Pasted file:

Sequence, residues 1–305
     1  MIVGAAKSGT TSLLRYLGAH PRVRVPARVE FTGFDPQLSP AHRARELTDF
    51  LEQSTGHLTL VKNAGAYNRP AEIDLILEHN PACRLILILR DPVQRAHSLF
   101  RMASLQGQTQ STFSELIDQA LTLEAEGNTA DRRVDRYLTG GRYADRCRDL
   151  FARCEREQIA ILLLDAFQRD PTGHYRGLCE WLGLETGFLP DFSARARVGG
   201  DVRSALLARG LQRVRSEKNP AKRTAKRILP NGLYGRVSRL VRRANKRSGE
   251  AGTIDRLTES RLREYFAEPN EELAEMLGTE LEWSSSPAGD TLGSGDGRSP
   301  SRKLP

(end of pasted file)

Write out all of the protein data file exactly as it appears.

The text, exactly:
Sequence, residues 1–305
     1  MIVGAAKSGT TSLLRYLGAH PRVRVPARVE FTGFDPQLSP AHRARELTDF
    51  LEQSTGHLTL VKNAGAYNRP AEIDLILEHN PACRLILILR DPVQRAHSLF
   101  RMASLQGQTQ STFSELIDQA LTLEAEGNTA DRRVDRYLTG GRYADRCRDL
   151  FARCEREQIA ILLLDAFQRD PTGHYRGLCE WLGLETGFLP DFSARARVGG
   201  DVRSALLARG LQRVRSEKNP AKRTAKRILP NGLYGRVSRL VRRANKRSGE
   251  AGTIDRLTES RLREYFAEPN EELAEMLGTE LEWSSSPAGD TLGSGDGRSP
   301  SRKLP